The opinion of the court was delivered by: DAVID LARIMER, Chief Judge, District
Plaintiff, Bahjat Beshty, brings this action against his former
employer, General Motors Corporation ("GM"), alleging various
discrimination and other claims in connection with his
termination from employment in October 2000. GM has moved for
summary judgment dismissing the complaint, and plaintiff has
cross-moved for summary judgment on one claim under New York
Labor Law § 193.
Plaintiff is a male United States citizen, born in 1938, of
Arab descent, Libyan national origin, and Muslim religion. During
most of the 1990s, plaintiff was employed in various capacities
at Merck & Company ("Merck") in New Jersey. He alleges that in
May 1999, at the express direction of GM, a recruiter contacted plaintiff to seek his
employment at GM's Global Alternative Propulsion Center ("GAPC")
in Honeoye Falls, New York. At that time plaintiff was a senior
project engineer at Merck, with a base salary of about $92,000
The recruiter informed plaintiff that Gerald Voecks, whom
plaintiff knew from a previous job, was involved in a fuel cell
research project ("the project") at GAPC, and that Voecks wanted
to know if plaintiff was interested in taking a position with
GAPC. Plaintiff agreed to speak to Voecks about it.
After some negotiating with GM, plaintiff agreed to take a
position at GAPC as a staff research engineer. Plaintiff's salary
was $116,400, and he was given a signing bonus of $15,000.
Patrick J. Solomon Affirmation (Docket #28) Ex. 6. Plaintiff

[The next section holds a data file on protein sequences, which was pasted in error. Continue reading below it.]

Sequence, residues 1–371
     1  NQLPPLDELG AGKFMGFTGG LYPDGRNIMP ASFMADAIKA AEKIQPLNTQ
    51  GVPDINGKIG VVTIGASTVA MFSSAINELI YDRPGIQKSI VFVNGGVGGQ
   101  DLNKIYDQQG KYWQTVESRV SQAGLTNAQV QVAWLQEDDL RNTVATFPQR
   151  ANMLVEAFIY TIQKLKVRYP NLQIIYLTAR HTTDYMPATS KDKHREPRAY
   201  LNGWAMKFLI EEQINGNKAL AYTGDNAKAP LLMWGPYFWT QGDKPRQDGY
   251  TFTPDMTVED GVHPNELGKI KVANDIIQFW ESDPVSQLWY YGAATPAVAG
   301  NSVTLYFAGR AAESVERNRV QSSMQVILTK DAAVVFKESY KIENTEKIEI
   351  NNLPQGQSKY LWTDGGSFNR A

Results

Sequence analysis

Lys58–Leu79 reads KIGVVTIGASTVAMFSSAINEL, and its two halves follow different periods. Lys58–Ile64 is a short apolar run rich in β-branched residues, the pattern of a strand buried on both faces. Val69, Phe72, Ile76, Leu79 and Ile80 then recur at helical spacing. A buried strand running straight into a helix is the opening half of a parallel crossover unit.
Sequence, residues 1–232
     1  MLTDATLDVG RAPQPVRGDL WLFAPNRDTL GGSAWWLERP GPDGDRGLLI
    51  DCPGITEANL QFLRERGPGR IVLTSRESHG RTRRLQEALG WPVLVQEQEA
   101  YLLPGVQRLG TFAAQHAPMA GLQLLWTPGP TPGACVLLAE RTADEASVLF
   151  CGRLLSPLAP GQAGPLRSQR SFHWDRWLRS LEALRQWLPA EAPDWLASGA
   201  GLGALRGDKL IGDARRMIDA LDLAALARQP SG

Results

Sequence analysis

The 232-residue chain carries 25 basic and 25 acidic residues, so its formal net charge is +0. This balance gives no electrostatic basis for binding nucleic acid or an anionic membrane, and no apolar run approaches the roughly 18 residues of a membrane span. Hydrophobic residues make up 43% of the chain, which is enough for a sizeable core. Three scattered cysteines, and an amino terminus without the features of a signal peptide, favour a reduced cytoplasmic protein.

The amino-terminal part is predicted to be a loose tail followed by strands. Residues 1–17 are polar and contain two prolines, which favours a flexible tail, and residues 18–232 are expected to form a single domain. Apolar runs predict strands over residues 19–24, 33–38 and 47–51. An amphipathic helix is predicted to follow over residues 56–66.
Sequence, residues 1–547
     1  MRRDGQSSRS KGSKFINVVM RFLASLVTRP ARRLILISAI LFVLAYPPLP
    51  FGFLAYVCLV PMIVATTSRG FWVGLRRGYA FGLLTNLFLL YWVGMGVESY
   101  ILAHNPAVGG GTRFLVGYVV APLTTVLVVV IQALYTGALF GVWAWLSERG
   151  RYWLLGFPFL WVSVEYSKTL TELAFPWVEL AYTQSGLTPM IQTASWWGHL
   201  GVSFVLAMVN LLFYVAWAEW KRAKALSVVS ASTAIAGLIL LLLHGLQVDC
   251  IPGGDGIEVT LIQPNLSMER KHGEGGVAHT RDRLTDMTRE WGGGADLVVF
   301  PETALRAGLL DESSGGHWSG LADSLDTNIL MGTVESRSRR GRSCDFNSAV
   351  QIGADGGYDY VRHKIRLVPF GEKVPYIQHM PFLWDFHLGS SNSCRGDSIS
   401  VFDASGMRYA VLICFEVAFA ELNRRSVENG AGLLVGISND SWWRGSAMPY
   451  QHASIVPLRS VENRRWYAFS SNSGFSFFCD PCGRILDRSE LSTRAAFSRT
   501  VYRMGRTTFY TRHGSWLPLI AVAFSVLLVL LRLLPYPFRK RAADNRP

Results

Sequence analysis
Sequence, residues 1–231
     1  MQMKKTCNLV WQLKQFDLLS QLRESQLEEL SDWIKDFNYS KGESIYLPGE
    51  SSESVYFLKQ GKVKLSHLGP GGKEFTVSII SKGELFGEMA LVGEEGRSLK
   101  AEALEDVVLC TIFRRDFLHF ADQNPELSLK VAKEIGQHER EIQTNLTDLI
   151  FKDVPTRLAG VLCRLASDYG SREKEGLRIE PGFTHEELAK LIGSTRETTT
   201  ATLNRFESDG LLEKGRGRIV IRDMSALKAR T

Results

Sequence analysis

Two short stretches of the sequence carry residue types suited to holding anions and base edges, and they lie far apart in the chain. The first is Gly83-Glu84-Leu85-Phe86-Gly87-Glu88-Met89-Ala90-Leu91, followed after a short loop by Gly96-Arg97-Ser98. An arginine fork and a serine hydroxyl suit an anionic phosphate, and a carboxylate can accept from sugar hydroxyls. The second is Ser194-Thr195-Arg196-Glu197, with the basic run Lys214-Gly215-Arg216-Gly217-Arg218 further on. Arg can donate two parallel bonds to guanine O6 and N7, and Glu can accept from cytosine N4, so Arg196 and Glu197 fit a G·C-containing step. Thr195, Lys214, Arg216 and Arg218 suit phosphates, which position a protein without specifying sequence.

alleges that before accepting GM's offer, he was also given oral
assurances that: he would not be fired without just cause; the
project would not be terminated, and if it were, plaintiff would
be placed into a different job; and he would report directly to
Voecks. Plaintiff states that it was important to him that Voecks
be his supervisor "[b]ecause of his experience and because of his
background and his technical job." Beshty Depo. Tr. (Solomon Aff.
Ex. A) at 70. Neither GM's offer letter nor its letter confirming
plaintiff's acceptance of that offer set forth any of these
alleged assurances, however. See Solomon Aff. Exs. 5, 6.
Plaintiff began working at GAPC on December 20, 1999. Beshty
Dep. Tr. at 73. On January 7, 2000, GM announced that Voecks was
being reassigned to a different project, and that his position
with the fuel processor team would be filled by Daniel O'Connell.
O'Connell was 42 years old at that time, Voecks was allegedly around age 60.*fn1 See
O'Connell Depo. Tr. (Solomon Aff. Ex. G) at 7; Complaint ¶ 14.
Plaintiff alleges that very soon after O'Connell replaced
Voecks, it became evident to plaintiff that O'Connell was not
interested in working with him. O'Connell rarely spoke to
plaintiff, and showed little interest in his input on the
In July 2000, O'Connell gave plaintiff his six-month
performance review. The review contained some positive
assessments, stating, for example, that plaintiff "has done some
very good analysis work" and that he was "extremely competent in
theoretical analysis and specific modeling areas." Solomon Aff.
Ex. 16. It also contained some criticisms, however. For instance,
O'Connell stated that plaintiff: "has difficulty accepting
opinions that differ from his own and has expressed this in an
inappropriate manner"; "has been slow to offer design input";